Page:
“May I invite you inside? It’s frigging cold out here, at least to a human body.” Grandma pointed at her house. “I’ve a spare bedroom made up, and a recliner in the living room, and I might even have that old air mattress still…Come in, please.” She backed towards her house, beckoned, and then held the door open as the for Angels glided across the snow and ducked into her kitchen.
She put on a pot of tea, broke out her first aid kit, and set a plate of sugar cookies on the table for her guests. She wasn’t the greatest baker, truth be told, but she could make a mean pre-packaged tray of cookies right out of the fridge. She’d had two platters wrapped in foil and ready to take down for the town hall meeting.
The two Angels laid the third on the recliner in the living room and held their hands together over hir body. It wasn’t so much blood as it was a discoloration along the abdomen. Grandma suspected internal bleeding, or the equivalent in their biology.
“Can I do anything to help?” she asked.
“Light, if you may spare it,” said the liaison.
“I’m afraid the power’s out, but the stove’s gas and I have plenty of candles and an old battery powered lantern in the laundry room.”
She set to work bringing light to her cheerful home. She told the gardenias about her visitors (“They seem like very nice people, and I do hope their friend is okay.”) and made sure Maxie the cat was aware of the guests so he wouldn’t freak out (poor thing was always nervous with new people) and told her internet modem not to stress that it couldn’t get signal. The power would be back up in a while.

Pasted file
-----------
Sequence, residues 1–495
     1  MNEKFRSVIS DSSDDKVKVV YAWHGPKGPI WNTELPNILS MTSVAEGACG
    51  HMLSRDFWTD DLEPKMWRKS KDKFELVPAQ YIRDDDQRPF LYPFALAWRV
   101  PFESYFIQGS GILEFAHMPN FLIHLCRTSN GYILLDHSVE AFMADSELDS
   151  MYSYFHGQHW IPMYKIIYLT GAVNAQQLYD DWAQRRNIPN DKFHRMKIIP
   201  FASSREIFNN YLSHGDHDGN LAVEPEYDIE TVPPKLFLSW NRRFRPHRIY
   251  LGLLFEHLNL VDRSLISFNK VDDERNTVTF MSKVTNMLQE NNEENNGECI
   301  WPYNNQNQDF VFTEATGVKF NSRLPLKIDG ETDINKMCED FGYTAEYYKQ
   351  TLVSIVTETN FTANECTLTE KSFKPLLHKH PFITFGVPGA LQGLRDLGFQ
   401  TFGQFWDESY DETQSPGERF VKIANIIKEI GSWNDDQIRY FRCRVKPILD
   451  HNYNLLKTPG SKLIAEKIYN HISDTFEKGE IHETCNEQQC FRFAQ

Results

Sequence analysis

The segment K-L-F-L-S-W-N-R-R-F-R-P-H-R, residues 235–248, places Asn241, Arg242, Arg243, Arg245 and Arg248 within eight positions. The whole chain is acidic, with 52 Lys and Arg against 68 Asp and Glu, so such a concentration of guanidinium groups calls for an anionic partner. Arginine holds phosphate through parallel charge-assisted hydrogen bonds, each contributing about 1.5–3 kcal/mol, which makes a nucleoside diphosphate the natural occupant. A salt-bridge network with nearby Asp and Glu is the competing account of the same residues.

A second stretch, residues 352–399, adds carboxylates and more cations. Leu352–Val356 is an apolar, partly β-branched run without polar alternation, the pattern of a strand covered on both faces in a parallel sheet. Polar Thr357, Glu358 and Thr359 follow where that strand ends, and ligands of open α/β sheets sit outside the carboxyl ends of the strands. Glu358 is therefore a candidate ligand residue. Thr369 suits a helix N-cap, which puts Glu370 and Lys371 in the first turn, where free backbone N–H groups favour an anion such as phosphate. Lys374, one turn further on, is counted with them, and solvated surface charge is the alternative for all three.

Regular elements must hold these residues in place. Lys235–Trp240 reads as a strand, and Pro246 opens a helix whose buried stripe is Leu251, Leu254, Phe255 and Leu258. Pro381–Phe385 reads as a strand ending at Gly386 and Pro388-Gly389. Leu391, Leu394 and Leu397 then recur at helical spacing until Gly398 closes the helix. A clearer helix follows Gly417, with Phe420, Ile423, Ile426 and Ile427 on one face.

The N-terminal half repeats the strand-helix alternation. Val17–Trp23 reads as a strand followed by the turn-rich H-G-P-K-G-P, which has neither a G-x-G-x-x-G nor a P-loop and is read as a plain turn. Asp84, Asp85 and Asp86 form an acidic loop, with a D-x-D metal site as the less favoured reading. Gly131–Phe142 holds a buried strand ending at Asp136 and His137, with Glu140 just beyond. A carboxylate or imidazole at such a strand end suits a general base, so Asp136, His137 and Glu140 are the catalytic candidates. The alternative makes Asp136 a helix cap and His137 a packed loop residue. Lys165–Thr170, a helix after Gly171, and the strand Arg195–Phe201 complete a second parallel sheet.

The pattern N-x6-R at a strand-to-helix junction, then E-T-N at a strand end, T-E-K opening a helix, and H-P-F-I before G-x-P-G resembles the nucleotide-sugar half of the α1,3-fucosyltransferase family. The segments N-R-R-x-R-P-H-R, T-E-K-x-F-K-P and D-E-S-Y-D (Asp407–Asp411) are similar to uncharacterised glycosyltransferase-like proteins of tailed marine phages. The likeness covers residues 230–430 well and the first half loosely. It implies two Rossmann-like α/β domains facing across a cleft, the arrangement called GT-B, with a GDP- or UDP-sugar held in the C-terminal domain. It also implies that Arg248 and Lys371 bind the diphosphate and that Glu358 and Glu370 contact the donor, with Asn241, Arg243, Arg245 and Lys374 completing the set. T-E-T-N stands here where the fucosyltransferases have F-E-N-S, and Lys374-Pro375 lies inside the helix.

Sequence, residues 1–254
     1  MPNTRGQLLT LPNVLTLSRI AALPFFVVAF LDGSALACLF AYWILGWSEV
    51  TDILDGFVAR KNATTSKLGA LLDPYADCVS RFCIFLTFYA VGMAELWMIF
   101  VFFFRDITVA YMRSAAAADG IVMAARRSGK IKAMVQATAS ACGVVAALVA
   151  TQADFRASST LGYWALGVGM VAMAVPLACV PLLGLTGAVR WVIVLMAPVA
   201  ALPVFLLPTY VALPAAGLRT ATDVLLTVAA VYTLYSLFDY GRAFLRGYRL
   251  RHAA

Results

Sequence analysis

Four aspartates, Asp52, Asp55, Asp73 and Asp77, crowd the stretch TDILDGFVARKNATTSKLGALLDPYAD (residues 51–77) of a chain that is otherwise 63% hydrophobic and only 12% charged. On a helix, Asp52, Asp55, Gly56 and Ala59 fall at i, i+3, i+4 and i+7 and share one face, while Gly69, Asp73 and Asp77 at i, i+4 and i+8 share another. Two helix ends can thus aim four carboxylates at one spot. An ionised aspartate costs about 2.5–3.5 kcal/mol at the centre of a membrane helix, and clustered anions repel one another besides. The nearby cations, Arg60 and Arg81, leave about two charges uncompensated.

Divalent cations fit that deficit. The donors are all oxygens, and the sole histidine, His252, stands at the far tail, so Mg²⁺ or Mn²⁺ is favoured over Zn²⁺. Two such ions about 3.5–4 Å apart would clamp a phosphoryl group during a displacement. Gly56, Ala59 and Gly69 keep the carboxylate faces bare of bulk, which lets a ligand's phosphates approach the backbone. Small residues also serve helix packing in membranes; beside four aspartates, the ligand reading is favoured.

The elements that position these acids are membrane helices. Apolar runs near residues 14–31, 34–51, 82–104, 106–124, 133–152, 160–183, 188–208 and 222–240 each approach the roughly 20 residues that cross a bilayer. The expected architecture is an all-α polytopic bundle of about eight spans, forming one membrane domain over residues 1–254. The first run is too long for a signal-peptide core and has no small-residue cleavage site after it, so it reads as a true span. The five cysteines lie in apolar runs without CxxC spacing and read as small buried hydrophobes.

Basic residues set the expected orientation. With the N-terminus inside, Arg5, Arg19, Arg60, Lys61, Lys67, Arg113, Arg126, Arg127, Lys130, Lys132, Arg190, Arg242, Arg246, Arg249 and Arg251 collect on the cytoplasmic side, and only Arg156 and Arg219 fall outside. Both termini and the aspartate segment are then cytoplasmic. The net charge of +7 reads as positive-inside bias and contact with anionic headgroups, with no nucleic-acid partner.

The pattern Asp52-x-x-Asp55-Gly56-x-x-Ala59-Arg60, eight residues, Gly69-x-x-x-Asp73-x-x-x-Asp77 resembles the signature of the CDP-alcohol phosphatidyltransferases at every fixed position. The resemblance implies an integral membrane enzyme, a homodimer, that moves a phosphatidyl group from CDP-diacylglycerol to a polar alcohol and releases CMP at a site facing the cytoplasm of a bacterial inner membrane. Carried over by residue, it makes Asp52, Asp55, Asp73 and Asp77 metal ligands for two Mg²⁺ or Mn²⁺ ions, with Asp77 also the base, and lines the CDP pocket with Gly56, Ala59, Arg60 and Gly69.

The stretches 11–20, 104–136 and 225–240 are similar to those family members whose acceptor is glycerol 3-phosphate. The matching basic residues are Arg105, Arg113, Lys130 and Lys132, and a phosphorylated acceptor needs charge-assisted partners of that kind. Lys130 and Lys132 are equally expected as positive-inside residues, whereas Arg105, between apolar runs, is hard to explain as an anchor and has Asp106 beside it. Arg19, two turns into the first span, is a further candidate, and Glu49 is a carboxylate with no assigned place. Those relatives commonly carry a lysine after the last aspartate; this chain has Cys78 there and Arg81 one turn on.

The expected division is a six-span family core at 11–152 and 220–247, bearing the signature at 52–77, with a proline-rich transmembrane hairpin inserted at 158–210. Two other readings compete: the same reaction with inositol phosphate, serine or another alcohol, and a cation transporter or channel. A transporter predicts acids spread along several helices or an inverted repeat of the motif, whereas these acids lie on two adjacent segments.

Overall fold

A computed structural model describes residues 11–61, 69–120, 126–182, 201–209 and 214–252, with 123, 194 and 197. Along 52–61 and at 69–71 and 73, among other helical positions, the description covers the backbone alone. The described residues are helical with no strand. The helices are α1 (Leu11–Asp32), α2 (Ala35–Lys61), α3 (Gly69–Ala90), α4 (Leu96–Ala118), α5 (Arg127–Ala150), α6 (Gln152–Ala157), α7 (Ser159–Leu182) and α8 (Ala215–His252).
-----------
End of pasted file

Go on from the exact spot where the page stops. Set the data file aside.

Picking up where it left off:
Grandma didn’t show it, but she was still nervous. Guests! Not from Earth! It was altogether quite a shock. A pleasant one, but still…she was getting on in her years and she still had two care packages to make before the post came tomorrow. She worried she wouldn’t be able to be a proper host, especially if the visitors were night owls. She tended to go to bed right around nine p.m. these days.
Once the house was as bright as she could safely make it, she stood in the kitchen and fiddled with her hands. The trio in the living room were exactly as she had left them: two holding hands over the third, whose eyes were closed.
The fourth Angel settled at the kitchen table and accepted a cup of tea. Angels have mouths very much human-like, and ze nodded in approval. It was just boxed Earl Grey, but Angels had never had earth tea before. Grandma had always believed tea could solve many problems, or at least make dealing with them easier.
The liaison finally said, “Are you the representative of this world?”
Grandma considered her reply carefully. She could be honest and say that no one person could represent an entire world populated by billions of individuals. She could give an expected answer: no, but here is a list of people who are, theoretically, in charge of running the place. (That wouldn’t do at all. Grandma was mighty displeased with the current government.)